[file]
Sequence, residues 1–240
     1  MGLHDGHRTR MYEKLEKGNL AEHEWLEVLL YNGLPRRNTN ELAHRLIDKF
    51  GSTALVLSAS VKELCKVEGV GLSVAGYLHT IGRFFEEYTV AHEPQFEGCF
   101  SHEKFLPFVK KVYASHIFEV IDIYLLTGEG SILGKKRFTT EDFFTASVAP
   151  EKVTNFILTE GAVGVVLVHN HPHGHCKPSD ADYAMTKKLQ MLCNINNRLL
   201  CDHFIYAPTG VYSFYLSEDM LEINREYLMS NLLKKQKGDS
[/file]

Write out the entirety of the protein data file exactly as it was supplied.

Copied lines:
Sequence, residues 1–240
     1  MGLHDGHRTR MYEKLEKGNL AEHEWLEVLL YNGLPRRNTN ELAHRLIDKF
    51  GSTALVLSAS VKELCKVEGV GLSVAGYLHT IGRFFEEYTV AHEPQFEGCF
   101  SHEKFLPFVK KVYASHIFEV IDIYLLTGEG SILGKKRFTT EDFFTASVAP
   151  EKVTNFILTE GAVGVVLVHN HPHGHCKPSD ADYAMTKKLQ MLCNINNRLL
   201  CDHFIYAPTG VYSFYLSEDM LEINREYLMS NLLKKQKGDS